October 24, 2008 / 6:44 PM / 11 years ago

Afghan charged in NY with Taliban terrorist support

NEW YORK (Reuters) - U.S. authorities accused an Afghan man on Friday of running a global drug trafficking group and using the money to fund Taliban terrorist activities.

Haji Juma Khan, 54, was handed over to U.S. officials by Indonesia after he arrived in Jakarta from Dubai. The United States had posted an Interpol notice for his arrest. As a result Indonesia denied him entry and alerted U.S. officials.

Khan is charged with conspiracy to distribute narcotics with intent to support a terrorist organization. U.S. authorities say he is among the first defendants to be prosecuted under a 2006 federal narco-terrorism statute.

He arrived in the United States on Friday.

“Proceeds from Haji Juma Khan’s global drug trafficking organization funded the terrorist activities of the Taliban,” Michele Leonhart, acting administrator of the Drug Enforcement Administration said in a statement.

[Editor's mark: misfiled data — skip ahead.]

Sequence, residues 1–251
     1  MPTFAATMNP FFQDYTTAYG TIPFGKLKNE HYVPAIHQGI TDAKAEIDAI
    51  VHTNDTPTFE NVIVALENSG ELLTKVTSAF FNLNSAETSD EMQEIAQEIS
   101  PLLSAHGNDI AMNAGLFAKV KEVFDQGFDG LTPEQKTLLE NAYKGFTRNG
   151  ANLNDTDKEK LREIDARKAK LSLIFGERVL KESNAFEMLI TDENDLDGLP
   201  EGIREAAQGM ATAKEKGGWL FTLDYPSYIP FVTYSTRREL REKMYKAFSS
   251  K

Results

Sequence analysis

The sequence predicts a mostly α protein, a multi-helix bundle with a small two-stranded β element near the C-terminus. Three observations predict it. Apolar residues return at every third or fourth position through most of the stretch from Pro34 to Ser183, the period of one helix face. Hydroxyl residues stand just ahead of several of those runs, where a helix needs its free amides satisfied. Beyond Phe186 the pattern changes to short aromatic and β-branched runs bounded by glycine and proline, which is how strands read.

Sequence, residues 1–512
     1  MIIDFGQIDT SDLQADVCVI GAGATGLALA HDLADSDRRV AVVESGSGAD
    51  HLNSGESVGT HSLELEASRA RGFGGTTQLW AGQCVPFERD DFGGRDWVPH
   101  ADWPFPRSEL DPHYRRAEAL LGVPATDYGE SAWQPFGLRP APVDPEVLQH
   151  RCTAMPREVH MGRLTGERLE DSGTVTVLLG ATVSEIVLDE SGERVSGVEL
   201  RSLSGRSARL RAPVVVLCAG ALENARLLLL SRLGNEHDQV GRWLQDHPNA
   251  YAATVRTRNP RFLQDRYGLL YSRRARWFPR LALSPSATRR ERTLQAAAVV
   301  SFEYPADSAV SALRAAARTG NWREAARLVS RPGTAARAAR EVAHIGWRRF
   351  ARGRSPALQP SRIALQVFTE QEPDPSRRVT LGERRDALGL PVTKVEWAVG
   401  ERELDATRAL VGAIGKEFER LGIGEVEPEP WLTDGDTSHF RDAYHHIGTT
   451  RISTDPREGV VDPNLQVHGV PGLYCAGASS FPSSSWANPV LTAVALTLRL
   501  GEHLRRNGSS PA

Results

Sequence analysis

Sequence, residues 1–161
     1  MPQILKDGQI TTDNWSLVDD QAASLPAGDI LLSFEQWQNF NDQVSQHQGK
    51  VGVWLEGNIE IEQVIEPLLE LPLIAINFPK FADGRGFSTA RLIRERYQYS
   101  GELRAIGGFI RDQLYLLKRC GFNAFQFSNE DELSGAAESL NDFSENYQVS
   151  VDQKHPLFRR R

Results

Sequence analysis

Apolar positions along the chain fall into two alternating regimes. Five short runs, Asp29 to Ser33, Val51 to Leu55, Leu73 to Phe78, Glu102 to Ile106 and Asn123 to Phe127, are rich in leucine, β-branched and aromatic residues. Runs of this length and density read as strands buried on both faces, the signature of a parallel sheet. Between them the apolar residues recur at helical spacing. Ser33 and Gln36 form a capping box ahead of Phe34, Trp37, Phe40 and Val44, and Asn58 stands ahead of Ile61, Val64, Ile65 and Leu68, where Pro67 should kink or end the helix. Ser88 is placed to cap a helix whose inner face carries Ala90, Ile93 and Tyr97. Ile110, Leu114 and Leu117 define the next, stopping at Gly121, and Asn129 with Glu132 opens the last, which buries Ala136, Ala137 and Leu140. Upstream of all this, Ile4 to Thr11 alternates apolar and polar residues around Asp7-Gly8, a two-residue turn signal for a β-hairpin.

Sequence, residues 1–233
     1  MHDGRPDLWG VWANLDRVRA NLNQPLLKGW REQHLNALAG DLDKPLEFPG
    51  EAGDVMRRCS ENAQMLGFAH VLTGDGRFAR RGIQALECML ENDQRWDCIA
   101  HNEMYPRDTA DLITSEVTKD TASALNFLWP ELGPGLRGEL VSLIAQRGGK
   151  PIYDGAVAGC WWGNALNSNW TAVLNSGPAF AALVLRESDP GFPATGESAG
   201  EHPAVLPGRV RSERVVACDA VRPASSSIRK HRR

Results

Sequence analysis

“His arrest disrupts a significant line of credit to the Taliban and will shake the foundation of his drug network that has moved massive quantities of heroin to worldwide drug markets,” she said.

U.S. Attorney Michael Garcia said that since 1999 Khan has led an international opium, morphine and heroin trafficking group that arranged to sell morphine base, an opium derivative that is processed into heroin, in quantities as large as 40 tons — enough to supply the U.S. heroin market for two years.

The organization is also accused of operating labs in Afghanistan that produced refined heroin, which was sold in quantities as large as 220 pounds (100 kg).

U.S. officials said Khan is closely aligned with the Taliban, designated by U.S. President George W. Bush as a global terrorist group since 2002.

“The arrest of Haji Juma Khan is another significant step in the continuing effort to combat terrorism by stopping the flow of narcotics proceeds that help fund the Taliban and other terrorist organizations,” Garcia said in a statement.

If convicted, Khan faces a maximum sentence of life in prison and a minimum of 20 years.

Reporting by Michelle Nichols, editing by Alan Elsner

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